Speaking with whānau and friends and going to hui were important across all age groups. For older groups, however, language transmission through home and whānau environments was particularly important. Seventy-one percent of Māori adults aged 55 and over who speak at least some Te reo Māori said they learned this through listening and speaking to parents or other people living at home. This is significantly higher than for any other age group.

“This new information on the different ways Te reo Māori is learned can now add to discussions around future strategies for revitalising the Māori language,” Dr Bretherton said.

Note

The data presented here is provisional. We used the best available population information to weight the data from those who answered the survey so that it is representative of the Māori population as a whole. However, delays to the production of the estimated resident population (ERP), following the 2018 Census, means that the benchmarks we used to do this are not yet final.

© Scoop Media

 
 
 
Parliament Headlines | Politics Headlines | Regional Headlines

Gordon Campbell: On The Virtues (and Fluffed Opportunities) Of The Operation Burnham Report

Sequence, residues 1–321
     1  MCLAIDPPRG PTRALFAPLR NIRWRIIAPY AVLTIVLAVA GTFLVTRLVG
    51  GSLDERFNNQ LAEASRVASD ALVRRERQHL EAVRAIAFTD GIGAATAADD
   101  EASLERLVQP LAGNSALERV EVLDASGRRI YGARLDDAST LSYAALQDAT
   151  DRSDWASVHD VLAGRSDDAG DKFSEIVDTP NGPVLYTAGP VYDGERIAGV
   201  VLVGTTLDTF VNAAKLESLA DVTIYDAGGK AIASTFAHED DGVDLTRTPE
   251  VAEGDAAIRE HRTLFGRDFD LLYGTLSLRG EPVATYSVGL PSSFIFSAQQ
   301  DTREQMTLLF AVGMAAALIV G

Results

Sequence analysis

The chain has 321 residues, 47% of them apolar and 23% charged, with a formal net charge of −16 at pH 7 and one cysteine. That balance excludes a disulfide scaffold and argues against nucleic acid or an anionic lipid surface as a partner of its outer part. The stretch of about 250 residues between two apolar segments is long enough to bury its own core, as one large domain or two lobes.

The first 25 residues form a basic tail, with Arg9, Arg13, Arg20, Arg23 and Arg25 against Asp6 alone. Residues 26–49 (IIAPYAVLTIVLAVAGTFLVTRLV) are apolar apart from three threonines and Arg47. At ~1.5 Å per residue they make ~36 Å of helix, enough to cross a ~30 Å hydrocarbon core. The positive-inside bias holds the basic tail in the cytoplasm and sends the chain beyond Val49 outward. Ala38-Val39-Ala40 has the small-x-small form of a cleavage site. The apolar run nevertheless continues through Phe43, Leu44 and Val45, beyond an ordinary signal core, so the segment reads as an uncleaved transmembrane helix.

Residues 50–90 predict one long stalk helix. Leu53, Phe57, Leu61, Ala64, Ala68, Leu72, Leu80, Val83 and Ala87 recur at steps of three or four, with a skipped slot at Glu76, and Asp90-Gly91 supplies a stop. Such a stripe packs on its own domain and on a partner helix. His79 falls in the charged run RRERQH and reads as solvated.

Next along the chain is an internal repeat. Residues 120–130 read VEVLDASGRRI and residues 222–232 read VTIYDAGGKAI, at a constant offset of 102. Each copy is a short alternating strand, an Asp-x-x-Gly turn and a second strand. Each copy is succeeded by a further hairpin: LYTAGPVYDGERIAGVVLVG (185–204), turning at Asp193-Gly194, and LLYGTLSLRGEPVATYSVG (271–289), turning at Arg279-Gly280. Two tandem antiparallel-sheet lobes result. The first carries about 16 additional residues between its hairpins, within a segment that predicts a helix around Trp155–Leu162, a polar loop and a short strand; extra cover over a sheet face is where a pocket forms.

One unspoken rule of thumb in any official public inquiry is : whatever you do, don’t conclude you were made to listen to “a litany of lies” even if the evidence of a deliberate cover-up is right there under your nose. In that respect, the report into the 2010 Operation Burnham military raid in Afghanistan has been a model of decorum. Bad stuff did happen and has been duly noted and lamented - but only as a lapse and departure from usual professional standards. Normal service can be trusted to resume shortly... More>>

 

Environment: Govt Progress On Climate Change Essential, Risk Assessment Shows

The release of the National Climate Change Risk Assessment shows that the progress this Government has made to solve the climate crisis is essential to creating cleaner and safer communities across New Zealand. “Because of this report, we can see clearer ... More>>


Economy: Investing In The Tourism Sector’s Recovery

More than $300 million in funding has been approved to protect strategic tourism businesses, drive domestic tourism through regional events and lift digital capability in the tourism industry, Tourism Minister Kelvin Davis announced today. A $400 million ... More>>

ALSO:

National On MP Bill: Waka-Jumping Repeal Bill Passes First Reading